I have a small cat sanctuary and have recently started doing my own wellness exams, including urinalysis strips. I'm already finding cats with very concentrated urine and some with infection that I'm trying to treat with an herbal remedy. Upon monitoring, I'm finding them drinking very little water. I can feed wet food when isolated but it's not as feasible to make it everybody's main source of food all the time. I keep clean, full water bowls outside and inside for them. I live in Texas so it is nice and hot (water bowls are in the shade). They aren't really exhibiting any symptoms, but I want my cats to be as healthy as possible. What can I do to get them to drink more water outside, where it's not really possible to set up a fountain?

1 Answer 1


I wouldn't try to treat your cats for infections yourself. You can get into trouble with that kind of thing. That's up to your discretion, though.

As for drinking. I was watching a cat show a while back and one of the things they mentioned is that cats don't like to eat and drink in the same place as their "kill". This even applies to kibbles, which they see as a "kill".

I had noticed in the past that my cat would walk outside and drink out of the dogs water bowls, when he had cleaner and fresher water inside. Inside, we had one of those side-by-side food and water dishes. Between seeing the show and observing his behavior, we determined he's rather drink water that was more stale than to drink beside his food bowl. We moved him a new water bowl about 10' away and he drinks much more frequently. So that's the first step I'd take if I were you. I'd make sure the water isn't near the food.

Secondly, cat's prefer fresh or even moving water. Granted, they'll do fine without that, but if you're interested in getting them to drink more water, it's something to consider. You can buy, reasonably priced, either a pet fountain or just self contained fountain like the ones seen below.

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You can even make your own, but buying a small pump or filter/pump and building a fountain. You can make it fancy or plain. Just make sure the all the materials are safe for you pets. Nothing that will break down and contaminate the water.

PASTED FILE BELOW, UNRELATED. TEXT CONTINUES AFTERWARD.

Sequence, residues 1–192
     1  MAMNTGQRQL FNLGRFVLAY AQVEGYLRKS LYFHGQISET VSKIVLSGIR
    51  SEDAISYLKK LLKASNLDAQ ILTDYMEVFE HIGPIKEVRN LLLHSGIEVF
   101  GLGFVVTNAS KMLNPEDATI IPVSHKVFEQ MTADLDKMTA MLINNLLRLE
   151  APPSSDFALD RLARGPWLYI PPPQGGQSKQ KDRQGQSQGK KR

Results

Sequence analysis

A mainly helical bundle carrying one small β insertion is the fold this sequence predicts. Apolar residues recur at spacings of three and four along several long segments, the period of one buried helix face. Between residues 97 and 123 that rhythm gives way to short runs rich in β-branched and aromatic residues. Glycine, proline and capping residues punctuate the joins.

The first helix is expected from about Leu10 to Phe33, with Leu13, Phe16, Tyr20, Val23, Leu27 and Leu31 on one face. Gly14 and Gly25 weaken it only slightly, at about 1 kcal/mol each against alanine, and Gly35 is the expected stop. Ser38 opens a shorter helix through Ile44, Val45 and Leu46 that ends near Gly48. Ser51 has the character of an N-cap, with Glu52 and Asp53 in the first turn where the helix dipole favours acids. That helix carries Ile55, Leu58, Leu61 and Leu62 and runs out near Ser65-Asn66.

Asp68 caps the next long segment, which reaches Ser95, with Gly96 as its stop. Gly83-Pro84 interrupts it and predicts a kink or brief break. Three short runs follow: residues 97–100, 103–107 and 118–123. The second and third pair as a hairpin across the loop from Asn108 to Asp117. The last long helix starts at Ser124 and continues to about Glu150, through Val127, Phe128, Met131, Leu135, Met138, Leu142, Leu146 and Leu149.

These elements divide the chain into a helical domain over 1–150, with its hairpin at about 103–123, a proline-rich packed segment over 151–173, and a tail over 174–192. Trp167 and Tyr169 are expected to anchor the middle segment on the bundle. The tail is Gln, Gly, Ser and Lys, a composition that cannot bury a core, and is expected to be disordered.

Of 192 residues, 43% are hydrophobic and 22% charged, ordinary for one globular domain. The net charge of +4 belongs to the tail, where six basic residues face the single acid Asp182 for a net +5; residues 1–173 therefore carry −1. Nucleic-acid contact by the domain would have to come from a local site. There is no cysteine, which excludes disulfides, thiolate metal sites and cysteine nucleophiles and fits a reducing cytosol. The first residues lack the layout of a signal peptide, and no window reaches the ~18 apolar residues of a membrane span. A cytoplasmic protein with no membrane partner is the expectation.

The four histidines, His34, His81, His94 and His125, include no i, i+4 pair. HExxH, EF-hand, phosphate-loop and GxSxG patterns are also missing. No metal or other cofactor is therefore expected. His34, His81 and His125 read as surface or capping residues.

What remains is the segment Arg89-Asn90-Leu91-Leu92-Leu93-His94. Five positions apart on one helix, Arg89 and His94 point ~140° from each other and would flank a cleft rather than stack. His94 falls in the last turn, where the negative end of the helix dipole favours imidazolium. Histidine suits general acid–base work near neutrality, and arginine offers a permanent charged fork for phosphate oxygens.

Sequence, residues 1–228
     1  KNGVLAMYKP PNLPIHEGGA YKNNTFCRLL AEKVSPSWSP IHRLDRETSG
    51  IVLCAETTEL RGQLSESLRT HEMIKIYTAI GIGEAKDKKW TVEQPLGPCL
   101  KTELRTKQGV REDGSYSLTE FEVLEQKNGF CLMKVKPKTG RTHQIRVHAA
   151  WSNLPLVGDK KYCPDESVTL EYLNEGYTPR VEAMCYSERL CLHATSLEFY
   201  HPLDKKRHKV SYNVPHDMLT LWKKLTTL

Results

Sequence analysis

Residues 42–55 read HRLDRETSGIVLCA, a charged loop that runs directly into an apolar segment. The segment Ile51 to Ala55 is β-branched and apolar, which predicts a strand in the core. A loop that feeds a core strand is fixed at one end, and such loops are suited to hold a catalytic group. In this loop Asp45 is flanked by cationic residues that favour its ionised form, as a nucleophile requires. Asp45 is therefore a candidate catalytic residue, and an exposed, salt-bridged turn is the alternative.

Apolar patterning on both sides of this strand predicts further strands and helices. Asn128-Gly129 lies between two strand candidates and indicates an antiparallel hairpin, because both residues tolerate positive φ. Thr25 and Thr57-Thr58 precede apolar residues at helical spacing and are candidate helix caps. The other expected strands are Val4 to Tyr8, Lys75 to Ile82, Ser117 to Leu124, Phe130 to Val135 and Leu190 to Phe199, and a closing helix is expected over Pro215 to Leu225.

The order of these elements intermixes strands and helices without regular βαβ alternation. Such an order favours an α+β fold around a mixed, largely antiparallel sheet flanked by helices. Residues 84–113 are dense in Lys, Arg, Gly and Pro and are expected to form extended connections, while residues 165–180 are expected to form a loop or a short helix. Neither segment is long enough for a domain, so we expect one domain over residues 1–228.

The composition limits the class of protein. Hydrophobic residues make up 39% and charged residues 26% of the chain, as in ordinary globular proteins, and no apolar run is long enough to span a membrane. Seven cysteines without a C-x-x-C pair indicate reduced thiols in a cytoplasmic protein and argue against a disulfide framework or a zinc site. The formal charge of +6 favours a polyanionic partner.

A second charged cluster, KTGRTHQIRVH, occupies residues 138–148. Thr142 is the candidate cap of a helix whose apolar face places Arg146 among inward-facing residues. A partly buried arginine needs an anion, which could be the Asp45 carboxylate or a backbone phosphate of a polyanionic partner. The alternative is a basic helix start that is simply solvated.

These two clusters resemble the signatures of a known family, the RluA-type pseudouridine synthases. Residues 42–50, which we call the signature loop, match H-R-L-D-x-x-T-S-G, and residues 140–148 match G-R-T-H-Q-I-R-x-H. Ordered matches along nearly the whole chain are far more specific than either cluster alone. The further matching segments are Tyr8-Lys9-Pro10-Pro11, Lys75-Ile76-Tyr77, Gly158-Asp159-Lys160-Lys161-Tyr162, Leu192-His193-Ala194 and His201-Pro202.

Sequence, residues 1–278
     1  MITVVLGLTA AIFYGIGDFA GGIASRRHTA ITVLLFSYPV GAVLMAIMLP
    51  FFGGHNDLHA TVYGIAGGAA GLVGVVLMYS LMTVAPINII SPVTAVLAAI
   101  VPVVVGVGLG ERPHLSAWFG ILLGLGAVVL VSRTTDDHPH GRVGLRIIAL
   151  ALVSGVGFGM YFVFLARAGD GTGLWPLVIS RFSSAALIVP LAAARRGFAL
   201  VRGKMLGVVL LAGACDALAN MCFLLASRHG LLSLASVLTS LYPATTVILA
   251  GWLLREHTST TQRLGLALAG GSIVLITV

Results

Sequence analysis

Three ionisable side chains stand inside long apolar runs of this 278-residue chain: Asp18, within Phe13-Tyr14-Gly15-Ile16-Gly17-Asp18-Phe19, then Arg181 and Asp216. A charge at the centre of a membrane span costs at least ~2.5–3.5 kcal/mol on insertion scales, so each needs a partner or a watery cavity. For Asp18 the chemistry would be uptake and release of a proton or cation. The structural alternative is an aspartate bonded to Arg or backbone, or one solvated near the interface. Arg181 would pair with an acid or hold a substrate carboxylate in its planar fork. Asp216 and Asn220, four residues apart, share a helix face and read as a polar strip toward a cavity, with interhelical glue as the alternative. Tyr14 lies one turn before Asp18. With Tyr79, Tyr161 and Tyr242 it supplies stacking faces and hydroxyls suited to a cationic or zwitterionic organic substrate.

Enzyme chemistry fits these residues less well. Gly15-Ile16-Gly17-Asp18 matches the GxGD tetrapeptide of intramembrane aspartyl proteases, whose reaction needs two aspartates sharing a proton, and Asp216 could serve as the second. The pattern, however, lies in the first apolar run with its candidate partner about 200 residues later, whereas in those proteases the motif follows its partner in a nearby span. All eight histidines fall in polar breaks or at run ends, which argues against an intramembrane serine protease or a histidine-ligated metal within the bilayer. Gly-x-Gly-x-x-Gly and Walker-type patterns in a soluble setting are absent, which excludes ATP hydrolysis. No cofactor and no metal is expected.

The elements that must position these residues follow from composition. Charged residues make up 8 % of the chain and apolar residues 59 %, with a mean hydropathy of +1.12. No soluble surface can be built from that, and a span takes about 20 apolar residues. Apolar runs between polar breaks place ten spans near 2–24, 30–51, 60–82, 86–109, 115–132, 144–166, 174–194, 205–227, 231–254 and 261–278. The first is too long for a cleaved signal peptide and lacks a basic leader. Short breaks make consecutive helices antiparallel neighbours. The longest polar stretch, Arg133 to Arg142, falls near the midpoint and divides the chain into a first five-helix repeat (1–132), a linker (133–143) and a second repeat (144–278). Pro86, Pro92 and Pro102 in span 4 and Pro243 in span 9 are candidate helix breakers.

If I was going to build a cheap one and didn't care what it looked like, I'd do it like this. I'd buy an under the bed Rubbermaid (any Rubbermaid really, but these are longer and would allow more cats at once without crowding). I'd cut it down so it's 3-4" deep. I'd use a filter/pump to cycle the water. You can use a modified aquarium pump. I'd probably use one like this:

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The bottom end can be shallow. I think it also have a filter, which would be useful.

  • I've been around cats long enough to know when they have something mild I can treat at home or more serious and need to go to the vet. I recently had a bad experience with my vet where two of my cats died that shouldn't have so now I've got to find someone I can trust. I believe I'm going to try the outdoor fountain, especially now that I know you can hook them up to solar panels.
    – Elorah
    Aug 5, 2016 at 2:22
  • That sounds like a great idea, with the solar panel. There are definitely people who can treat minor issues with their animals at home. I err on the side of caution, because I've personally seen people doing their animals harm, because they're cheap or think they know what they're doing. If you know what your doing, then by all means save the money. I'm sorry to hear about your two cats.
    – Dalton
    Aug 5, 2016 at 12:27

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